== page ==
The ILO note warns that certain groups will be disproportionately affected by the jobs crisis, which could increase inequality. These include people in less protected and low-paid jobs, particularly youth and older workers. Women and migrants too. The latter are vulnerable due to the lack of social protection and rights, and women tend to be over-represented in low-paid jobs and affected sectors.

“In times of crisis like the current one, we have two key tools that can help mitigate the damage and restore public confidence. Firstly, social dialogue, engaging with workers and employers and their representatives, is vital for building public trust and support for the measures that we need to overcome this crisis. Secondly, international labour standards provide a tried-and-trusted foundation for policy responses that focus on a recovery that is sustainable and equitable. Everything needs to be done to minimize the damage to people at this difficult time,” concluded Ryder.

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Government Should Tell The Truth Over NHS

TUC General Secretary Frances O’Grady

TUC General Secretary Frances O’Grady appearing on BBC’s Question Time on Thursday told Tory health Minister Matt Hancock to “tell the truth” about the problems in the NHS in dealing with the Coronavirus.

She said: “There is a worry over necessary tools in hospital for all staff, not just the nurses and doctors, but cleaning staff who require sanitising products.

“We’re not just talking about doctors and nurses, were talking about cleaners and porters and all the other support staff. Without them, our hospitals can’t function.

“Were hearing people need masks, soap, equipment to fight this pandemic.” Ms O’Grady added.

QT presenter Fiona Bruce exclaimed: “They’re telling you they haven’t got enough soap!?”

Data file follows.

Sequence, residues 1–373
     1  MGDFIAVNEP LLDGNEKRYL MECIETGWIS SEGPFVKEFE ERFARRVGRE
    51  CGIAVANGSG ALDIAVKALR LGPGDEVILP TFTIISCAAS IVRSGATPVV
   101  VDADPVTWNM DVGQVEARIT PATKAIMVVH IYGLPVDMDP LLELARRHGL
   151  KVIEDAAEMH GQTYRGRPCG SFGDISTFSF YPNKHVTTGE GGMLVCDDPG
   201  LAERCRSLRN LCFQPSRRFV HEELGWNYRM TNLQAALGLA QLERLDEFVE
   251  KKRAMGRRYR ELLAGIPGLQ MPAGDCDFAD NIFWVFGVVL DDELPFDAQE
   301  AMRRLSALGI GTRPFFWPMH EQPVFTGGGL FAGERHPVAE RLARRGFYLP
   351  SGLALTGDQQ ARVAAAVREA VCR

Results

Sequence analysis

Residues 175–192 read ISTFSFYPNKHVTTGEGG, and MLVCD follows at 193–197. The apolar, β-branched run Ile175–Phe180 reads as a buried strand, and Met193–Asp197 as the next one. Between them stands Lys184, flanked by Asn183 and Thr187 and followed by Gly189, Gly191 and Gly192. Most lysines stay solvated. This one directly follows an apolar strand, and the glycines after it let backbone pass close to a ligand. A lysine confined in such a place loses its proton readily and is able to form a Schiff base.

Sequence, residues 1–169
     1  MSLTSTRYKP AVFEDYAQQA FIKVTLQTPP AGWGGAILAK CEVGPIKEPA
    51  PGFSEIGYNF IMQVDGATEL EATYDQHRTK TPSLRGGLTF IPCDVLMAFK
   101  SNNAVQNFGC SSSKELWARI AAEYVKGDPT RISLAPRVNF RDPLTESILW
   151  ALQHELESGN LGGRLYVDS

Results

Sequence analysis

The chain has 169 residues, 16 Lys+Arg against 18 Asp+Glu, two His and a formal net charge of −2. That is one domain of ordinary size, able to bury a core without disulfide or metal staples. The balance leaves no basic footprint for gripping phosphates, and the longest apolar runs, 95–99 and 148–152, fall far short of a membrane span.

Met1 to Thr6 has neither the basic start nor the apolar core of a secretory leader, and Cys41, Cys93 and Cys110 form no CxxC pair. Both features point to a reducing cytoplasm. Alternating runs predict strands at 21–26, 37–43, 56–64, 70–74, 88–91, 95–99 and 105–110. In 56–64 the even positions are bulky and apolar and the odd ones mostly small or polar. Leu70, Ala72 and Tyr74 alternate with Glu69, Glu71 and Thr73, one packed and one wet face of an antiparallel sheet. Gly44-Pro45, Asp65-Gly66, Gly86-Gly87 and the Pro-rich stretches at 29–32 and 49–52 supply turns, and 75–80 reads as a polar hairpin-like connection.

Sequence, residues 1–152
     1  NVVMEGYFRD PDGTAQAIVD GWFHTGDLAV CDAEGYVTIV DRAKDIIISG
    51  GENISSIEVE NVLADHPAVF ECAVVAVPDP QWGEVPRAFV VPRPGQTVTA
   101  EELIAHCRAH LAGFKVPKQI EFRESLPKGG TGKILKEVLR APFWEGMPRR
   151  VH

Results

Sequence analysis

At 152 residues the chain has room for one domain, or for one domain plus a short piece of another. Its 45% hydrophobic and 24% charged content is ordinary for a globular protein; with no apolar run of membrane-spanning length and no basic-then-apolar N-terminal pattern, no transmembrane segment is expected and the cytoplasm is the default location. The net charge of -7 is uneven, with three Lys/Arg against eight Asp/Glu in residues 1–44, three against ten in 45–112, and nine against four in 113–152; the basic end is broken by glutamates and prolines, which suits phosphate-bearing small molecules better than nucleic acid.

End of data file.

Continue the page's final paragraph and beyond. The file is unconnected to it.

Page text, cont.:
Frances responded: “We have had that too. This is a team, in the NHS people see themselves as a team, they know they depend on each other, in order to do the job they need to do. So there are real worries. We need to get that sorted fast.”

Referring to the Government announcement that car companies and other engineering companies would be asked to manufacture ventilators and respiratory equipment she said: “I’m really interested in the ventilators point, it’s fantastic if we have got manufacturing companies prepared to switch production, as are unions representing manufacturing workers.

“Let’s be straight with people it’s not as simple as its sometimes portrayed. Switching manufacturing, getting the parts, sometimes from China, it’s not always easy.

“So let’s tell people the truth, we’re grow-ups I think we can take it, we want to know how long will this take.

“In the meantime, how do we get that international cooperation, to get the ventilators to where they need to be most and that takes co-operation. Not point-scoring across nations, but helping each other.”

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UK auto industry shuts down: government needs to step in to support workers, and fast, as Coronavirus hits

Professor David Bailey

By Professor David Bailey, is Senior Fellow at the UK in a Changing Europe, Professor of Business Economics at the Birmingham Business School and Visiting Professor at the Centre for Brexit Studies

March 19th 2020 (updated)

With JLR confirming it will suspend its UK manufacturing facilities over the course of the next week the of the UK mass auto industry has effectively shut down, as the devastating economic effects of Coronavirus unfold across Europe, disrupting supply chains and also dramatically reducing demand.

Nissan, BMW, Honda, Toyota and Vauxhall have all announced that their assembly and engine plants will be temporarily shutting down UK production – for how long is not yet clear. These plants employ over 20,000 workers directly and many more in the supply chain.

Other manufacturers like Airbus have also announced plant shut downs.

There is a fear as to how much of the auto industry will actually survive the crisis here in the UK. The Chief Executive of the Society of Motor Manufacturers and Traders, Mike Hawes, hit the nail on the head when he said that the auto industry stands “on the precipice”.

In previous blogs I’d described the situation facing the UK auto industry last year as a ‘perfect storm’ in terms of the shift away from diesels in the wake of the Volkswagen scandal, a volatile Chinese market (which had a big effect on JLR in particular) and Brexit uncertainty slowing the economy – and hence car sales and output. The Coronavirus brings ‘Perfect Storm Part 2’, sadly.

As assemblers shut down, orders for component manufacturers dry up and there is a cascade effect on the supply chain. Supply chain firms will have to start shutting down also. While workers at Toyota are being paid wages for now, that will not be case in parts of the supply chain.